Guide: Top 5 underrated spots on campus

By Christian Malone, August 29, 2023

Cal Poly Pomona is home to many unique environments and useful facilities spread throughout its sprawling, 1,438-acre campus. While the campus’ size makes it such a diverse and beautiful place, it also means that it is hard to explore everything the campus has to offer.

Beyond the BRIC, the Aratani Japanese Garden and all the other popular spots on campus, there are countless other places that even long-time students and staff may have never visited. Here are five of The Poly Post’s favorite underrated spots to study, sleep, relax and visit on campus.

1. Student Services Building

While the Student Services Building is far from unknown, it houses a few hidden gems most visitors do not often take advantage of. First, the courtyard in the center of the building is perhaps the most underutilized study space on campus. There are three separate seating areas in the courtyard, all of which offer a nearly silent place to study, relax or nap thanks to the tall walls of glass surrounding the courtyard.

Additionally, on the third floor of the building at the end of a long hallway, students can find another small seating area on the roof of the building that doubles as a place to find a great view of the southern end of campus.

Christian Malone | The Poly Post

2. Voorhis Ecological Reserve

When it comes to outdoor recreation on campus, nearly everyone knows of the trail up to the CPP letters. A place far fewer people know about is the network of trails in the Voorhis Ecological Reserve.

From the entrance on Mansion Lane just north of Building 1 and Parking Lot A, students can walk up the trail to find the graffiti-covered remains of a concrete structure that serves as a great place to study, hang out or relax away from the bustling heart of campus. For those willing to walk further, the trail splits into a network of paths that connect to the Kellogg House and Mansion Lane. After taking in the nature, students can walk down Mansion Lane to the sharp curve in the road to unearth a great bird’s-eye view of the campus.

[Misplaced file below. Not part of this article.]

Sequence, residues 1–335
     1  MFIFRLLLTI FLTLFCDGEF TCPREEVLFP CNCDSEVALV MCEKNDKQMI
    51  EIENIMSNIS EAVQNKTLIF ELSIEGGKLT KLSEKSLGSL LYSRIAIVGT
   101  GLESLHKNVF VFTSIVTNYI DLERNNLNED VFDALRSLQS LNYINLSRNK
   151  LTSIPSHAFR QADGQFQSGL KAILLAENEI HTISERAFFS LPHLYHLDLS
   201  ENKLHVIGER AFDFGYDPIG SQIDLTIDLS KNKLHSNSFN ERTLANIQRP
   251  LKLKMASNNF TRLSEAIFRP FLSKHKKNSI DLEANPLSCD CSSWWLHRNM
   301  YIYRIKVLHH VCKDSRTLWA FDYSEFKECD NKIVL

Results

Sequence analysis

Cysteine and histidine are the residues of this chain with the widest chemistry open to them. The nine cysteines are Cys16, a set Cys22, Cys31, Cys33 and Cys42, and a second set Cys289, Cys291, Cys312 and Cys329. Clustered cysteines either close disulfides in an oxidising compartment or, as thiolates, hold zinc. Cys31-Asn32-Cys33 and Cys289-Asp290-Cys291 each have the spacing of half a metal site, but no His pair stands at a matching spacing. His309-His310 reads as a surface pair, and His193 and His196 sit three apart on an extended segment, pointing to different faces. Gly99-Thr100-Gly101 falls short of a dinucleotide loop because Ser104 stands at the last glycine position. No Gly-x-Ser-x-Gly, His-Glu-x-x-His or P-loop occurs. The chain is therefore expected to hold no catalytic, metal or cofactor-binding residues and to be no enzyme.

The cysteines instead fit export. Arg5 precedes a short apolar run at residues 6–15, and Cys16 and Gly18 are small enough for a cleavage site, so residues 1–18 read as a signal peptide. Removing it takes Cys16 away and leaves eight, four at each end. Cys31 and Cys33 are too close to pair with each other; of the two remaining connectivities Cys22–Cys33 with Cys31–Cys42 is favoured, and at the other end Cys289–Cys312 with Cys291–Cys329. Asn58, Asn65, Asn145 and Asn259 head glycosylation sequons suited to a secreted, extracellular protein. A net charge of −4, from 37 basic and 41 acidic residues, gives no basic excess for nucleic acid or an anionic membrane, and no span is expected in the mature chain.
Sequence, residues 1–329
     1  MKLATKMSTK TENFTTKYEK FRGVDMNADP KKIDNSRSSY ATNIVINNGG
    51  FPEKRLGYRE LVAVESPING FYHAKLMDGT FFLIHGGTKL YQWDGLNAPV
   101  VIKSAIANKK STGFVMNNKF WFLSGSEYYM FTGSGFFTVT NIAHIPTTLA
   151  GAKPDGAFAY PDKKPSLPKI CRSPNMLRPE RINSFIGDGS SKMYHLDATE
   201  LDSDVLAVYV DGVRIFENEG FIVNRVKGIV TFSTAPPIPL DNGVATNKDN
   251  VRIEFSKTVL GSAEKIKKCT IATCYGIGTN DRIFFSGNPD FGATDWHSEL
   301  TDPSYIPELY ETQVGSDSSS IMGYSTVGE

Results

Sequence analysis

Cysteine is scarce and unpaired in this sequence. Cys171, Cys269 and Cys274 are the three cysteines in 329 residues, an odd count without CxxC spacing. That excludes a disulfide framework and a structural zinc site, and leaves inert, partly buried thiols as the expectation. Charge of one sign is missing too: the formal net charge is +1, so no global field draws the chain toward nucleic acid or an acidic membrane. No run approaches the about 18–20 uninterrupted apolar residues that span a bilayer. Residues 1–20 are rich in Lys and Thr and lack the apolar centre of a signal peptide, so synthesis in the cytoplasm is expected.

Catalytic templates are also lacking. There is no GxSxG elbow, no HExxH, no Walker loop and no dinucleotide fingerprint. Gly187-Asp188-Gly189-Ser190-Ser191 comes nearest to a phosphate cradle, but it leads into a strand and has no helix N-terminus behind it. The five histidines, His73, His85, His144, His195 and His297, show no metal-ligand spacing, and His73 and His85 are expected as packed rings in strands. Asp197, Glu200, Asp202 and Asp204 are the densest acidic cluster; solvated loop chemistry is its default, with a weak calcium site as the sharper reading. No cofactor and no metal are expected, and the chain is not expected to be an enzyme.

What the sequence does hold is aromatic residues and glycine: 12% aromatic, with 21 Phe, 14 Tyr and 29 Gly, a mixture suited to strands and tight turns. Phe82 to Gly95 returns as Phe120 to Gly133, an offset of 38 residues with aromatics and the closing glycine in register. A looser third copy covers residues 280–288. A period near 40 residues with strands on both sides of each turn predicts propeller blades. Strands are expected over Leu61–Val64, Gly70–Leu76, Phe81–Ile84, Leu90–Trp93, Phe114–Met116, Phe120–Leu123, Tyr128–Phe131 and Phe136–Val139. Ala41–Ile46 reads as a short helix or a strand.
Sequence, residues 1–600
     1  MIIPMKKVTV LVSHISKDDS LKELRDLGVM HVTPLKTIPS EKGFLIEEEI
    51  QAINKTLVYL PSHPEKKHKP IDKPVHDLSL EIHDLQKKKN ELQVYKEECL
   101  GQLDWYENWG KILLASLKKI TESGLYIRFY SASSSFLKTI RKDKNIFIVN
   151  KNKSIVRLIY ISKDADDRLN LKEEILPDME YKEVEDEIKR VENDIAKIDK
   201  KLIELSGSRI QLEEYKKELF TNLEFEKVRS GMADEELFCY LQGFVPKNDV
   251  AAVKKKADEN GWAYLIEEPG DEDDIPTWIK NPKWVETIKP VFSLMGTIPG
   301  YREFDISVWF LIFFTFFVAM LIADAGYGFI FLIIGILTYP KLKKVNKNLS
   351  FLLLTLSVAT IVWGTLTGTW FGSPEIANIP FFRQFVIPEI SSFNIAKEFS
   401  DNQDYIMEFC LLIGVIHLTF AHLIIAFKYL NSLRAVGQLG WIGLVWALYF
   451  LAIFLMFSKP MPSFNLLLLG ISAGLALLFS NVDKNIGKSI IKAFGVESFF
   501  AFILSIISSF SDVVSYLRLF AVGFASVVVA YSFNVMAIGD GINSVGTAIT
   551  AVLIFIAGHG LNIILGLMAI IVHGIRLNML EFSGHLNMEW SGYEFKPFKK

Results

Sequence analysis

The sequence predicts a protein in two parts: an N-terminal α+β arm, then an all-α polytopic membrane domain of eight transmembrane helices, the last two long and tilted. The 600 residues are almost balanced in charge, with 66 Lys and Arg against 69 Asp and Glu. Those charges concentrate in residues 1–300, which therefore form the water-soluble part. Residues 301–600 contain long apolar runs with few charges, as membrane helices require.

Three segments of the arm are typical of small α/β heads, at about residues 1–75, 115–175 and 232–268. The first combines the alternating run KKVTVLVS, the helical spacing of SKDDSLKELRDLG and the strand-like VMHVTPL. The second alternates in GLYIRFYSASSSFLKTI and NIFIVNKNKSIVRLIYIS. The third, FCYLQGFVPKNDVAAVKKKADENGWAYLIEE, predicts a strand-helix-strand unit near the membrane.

Christian Malone | The Poly Post

3. W.K. Kellogg Arabian Horse Center

Located on Eucalyptus Lane southeast of Parking Structure 1, the W.K. Kellogg Arabian Horse Center is the one place on campus where students and visitors alike can get an up-close look at the storied Arabian horses of CPP.

“It’s unfortunate that we get the feeling from some students or faculty that we’re not accessible to them,” said Kelly Piña, an administrative analyst at the center. “It is a little intimidating when you walk up and see the gates closed, but that’s just for the safety of the horses.”

Alongside the center’s traditional Sunday Shows on the first Sunday of each month between October and May, students can also visit the center on their own between 8 a.m. and 4 p.m. every weekday to see the horses that give CPP its “Bronco” identity.

Christian Malone | The Poly Post

4. John T. Lyle Center for Regenerative Studies

Perhaps the single most unique place on campus is the John T. Lyle Center for Regenerative Studies. The center, which is in the southwestern corner of campus, functions like a museum of sustainability. Alongside housing classrooms and dorms, the center showcases eco-friendly landscaping and architecture. Its livable buildings are perhaps the best example.

“They’re designed and oriented in a way that takes into consideration the sun and the natural environment, so you don’t need air conditioning to be comfortable,” said Kristen Conway-Gómez, a geography professor who teaches a regenerative studies course at the center.

While its remote location has kept it unknown for many people here on campus, it is undoubtedly worth visiting either to get a firsthand look at sustainability or as a unique place to study.

Christian Malone | The Poly Post

5. Rain Bird Rainforest Learning Center

For an even more accessible and exotic taste of nature, look no further than the Rain Bird Rainforest Learning Center (4A). The large glass greenhouse serves as both a place to safely house exotic species from around the world and a place for students to experience at an environment they cannot find anywhere else near CPP.

“We have a posting on the door that says ‘Feel free to come in if the door is unlocked’ because this is for you guys,” said Michelle Terrazino, a horticulture technician at Rain Bird BioTrek.

Alongside countless plants, the center also houses animal ambassadors including a boa constrictor, tokay gecko and two Cuvier’s dwarf caimans. The greenhouse is open whenever staff is available, which is typically between 7 a.m. and 4 p.m.

Luckily, when the greenhouse is closed, students can always walk through the neighboring Rain Bird Ethnobotany Garden to see a collection of plants from across California’s native landscapes.

Christian Malone | The Poly Post

Feature images courtesy of Christian Malone 

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